Author(s): Dani JA, Radcliffe KA, Pidoplichko VI
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Abstract This study addresses two issues arising from the desensitization of nicotinic acetylcholine receptors from the hippocampus, ventral tegmental area, and substantia nigra. First, biophysical studies can find potent and complete desensitization of nicotinic receptors; but in vivo studies often find that desensitization affecting a behavior is less than complete, or that desensitization is important over a different nicotine concentration range. Our results show that there can be significant differences in desensitization when comparing nearby neurons from the same area of the brain. Thus, nicotinic receptors on a minority of neurons may remain active and maintain a behavior under conditions that can produce significant desensitization. Second, agonist applications that are intended to active nicotinic receptors also cause desensitization. The prevailing conditions and the rate of agonist application and removal will control the degree of activation vs. desensitization. These and other factors regulate the efficacy of nicotinic agonists experimentally and physiologically.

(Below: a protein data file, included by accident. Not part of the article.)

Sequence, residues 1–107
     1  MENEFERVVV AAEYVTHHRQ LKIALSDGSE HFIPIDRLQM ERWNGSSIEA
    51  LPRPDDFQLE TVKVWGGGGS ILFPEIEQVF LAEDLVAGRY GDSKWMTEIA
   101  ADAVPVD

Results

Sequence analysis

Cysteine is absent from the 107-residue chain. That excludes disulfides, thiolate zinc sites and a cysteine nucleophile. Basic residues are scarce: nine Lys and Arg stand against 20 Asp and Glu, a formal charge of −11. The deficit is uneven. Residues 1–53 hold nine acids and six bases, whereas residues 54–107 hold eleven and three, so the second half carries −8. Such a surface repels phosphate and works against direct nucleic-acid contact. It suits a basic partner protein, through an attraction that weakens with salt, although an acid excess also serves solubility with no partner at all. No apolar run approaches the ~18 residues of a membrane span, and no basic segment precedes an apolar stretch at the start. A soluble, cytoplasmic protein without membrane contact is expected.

This article was published in Eur J Pharmacol
and referenced in Journal of Addiction Research & Therapy